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Psalms 46:1

God is our refuge and strength, a very present help in trouble.
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Augustine of Hippo

AD 430
1. It is called, "A Psalm, to the end, for the sons of Korah, for things secret." Secret is it then; but He Himself, who in the place of Calvary was crucified, ye know, hath rent the veil, that the secrets of the temple might he discovered. Furthermore since the Cross of our Lord was a key, whereby things closed might be opened; let us trust that He will be with us, that these secrets may be revealed. What is said, "To the end," always ought to be understood of Christ. For "Christ is the end of the law for righteousness to every one that believeth." But The End He is called, not because He consumeth, but because He perfecteth. For ended call we the food which is eaten, and ended the coat which is woven, the former to consumption, the latter to perfection. Because then we have not where to go farther when we have come to Christ, Himself is called the end of our course. Nor ought we to think, that when we have come to Him, we ought to strive any further to come also to the Father. For th...

Augustine of Hippo

AD 430
2. "Our God is a refuge and strength" (ver. 1). There are some refuges wherein is no strength, whereto when any fleeth, he is more weakened than strengthened. Thou fleest, for example, to some one greater in the world, that thou mayest make' thyself a powerful friend; this seemeth to thee a refuge. Yet so great are this world's uncertainties, and so frequent grow the ruins of the powerful day by day, that when to such refuge thou art come, thou beginnest to fear more than ever therein. ...Our refuge is not such, but our refuge is strength. When thither we have fled, we shall be firm. 3. "A helper in tribulations, which find us out too much." Tribulations are many, and in every tribulation unto God must we flee; whether it be a tribulation in our estate, or in our body's health, or about the peril of those dearest to us, or any other thing necessary to the sustaining of this life, refuge ought there to be none at all to a Christian man, other than his Saviour, other than his God, to ...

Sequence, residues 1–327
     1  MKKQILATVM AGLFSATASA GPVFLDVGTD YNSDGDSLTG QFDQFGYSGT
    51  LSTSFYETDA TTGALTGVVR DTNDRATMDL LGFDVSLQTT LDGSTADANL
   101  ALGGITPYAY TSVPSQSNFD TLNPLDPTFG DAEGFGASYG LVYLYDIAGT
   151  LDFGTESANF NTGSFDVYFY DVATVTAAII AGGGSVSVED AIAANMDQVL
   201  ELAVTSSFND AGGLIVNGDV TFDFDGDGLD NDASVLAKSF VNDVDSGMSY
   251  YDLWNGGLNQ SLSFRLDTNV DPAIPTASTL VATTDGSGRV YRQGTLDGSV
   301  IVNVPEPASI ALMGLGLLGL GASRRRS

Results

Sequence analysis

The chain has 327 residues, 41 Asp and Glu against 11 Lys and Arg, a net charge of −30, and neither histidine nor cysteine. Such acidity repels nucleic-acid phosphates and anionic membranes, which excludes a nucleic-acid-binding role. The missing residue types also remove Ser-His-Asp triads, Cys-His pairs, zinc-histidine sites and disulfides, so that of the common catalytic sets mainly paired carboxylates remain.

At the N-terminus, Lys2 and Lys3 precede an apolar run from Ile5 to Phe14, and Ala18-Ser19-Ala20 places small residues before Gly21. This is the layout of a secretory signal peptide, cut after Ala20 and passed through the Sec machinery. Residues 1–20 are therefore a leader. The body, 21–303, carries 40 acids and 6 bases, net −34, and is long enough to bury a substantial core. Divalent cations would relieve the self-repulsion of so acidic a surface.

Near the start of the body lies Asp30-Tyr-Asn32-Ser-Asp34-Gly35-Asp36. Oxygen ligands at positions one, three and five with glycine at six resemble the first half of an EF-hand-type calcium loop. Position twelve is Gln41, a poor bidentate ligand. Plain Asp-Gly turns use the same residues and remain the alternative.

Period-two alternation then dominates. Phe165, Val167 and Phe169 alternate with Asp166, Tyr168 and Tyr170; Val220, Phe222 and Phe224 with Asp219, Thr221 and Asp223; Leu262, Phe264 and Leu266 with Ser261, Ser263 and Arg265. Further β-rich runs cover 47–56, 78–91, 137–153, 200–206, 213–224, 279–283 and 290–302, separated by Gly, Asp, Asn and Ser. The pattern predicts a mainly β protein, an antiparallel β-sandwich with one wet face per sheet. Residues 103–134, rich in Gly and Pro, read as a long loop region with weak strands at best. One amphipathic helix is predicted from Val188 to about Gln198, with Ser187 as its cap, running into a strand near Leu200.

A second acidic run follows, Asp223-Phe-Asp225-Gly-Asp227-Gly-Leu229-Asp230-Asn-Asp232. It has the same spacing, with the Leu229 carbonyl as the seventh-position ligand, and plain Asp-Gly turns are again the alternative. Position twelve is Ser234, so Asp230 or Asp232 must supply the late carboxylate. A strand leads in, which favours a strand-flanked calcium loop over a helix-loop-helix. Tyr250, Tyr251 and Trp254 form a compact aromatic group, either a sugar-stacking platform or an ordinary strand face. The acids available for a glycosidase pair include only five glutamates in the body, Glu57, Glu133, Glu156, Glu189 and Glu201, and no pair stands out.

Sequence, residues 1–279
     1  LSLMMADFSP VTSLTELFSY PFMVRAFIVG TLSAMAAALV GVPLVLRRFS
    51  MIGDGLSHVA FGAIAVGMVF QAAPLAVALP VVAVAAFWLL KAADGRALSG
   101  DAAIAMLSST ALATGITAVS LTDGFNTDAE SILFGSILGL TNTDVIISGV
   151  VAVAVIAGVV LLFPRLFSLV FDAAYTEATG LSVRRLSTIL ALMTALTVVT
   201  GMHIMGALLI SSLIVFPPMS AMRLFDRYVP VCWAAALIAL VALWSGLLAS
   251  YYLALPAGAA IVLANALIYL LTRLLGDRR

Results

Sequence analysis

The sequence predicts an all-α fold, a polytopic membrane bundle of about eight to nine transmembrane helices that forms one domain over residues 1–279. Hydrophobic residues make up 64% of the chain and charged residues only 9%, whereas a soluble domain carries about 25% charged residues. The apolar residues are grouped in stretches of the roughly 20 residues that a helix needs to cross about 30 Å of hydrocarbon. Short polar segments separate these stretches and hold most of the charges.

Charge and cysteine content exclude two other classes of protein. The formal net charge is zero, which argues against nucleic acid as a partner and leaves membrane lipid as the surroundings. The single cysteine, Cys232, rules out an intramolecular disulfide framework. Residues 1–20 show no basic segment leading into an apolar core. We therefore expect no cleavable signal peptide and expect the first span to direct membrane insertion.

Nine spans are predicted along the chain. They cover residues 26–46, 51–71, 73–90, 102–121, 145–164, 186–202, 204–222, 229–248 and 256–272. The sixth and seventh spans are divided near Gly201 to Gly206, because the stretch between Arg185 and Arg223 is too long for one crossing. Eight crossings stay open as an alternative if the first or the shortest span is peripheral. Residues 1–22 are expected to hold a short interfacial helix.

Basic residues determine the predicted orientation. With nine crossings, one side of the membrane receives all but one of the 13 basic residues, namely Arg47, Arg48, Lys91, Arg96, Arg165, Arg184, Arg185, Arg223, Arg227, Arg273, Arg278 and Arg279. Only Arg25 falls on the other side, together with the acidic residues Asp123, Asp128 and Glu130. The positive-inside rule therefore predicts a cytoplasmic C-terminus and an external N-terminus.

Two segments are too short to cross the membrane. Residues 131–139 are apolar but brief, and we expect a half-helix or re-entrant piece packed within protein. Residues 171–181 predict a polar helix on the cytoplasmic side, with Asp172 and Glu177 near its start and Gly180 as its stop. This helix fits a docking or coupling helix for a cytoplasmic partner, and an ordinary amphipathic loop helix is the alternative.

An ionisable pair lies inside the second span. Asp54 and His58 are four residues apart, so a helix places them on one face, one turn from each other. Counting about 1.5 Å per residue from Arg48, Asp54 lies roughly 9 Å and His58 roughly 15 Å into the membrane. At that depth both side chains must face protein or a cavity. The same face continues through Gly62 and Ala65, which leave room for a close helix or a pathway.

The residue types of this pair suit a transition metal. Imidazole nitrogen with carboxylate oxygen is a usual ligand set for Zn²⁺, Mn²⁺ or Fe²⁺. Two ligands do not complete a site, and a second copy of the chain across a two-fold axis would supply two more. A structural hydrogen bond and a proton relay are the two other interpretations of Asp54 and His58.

George Leo Haydock

AD 1849
It may allude to the defeat of Sennacherib, (Houbigant) or might be sung by the Corites at the dedication of the second temple, when peace was restored to the world, after the death of Cambyses, Ezechiel xxxviii. The Fathers explain it of the Christian Church, delivered from persecution. (St. Chrysostom) (Calmet) ...

George Leo Haydock

AD 1849
Troubles. Those of English Catholics have been very great; yet they increase. (Worthington)

Knowing this first, that no prophecy of the scripture is of any private interpretation. - 2 Peter 1:20

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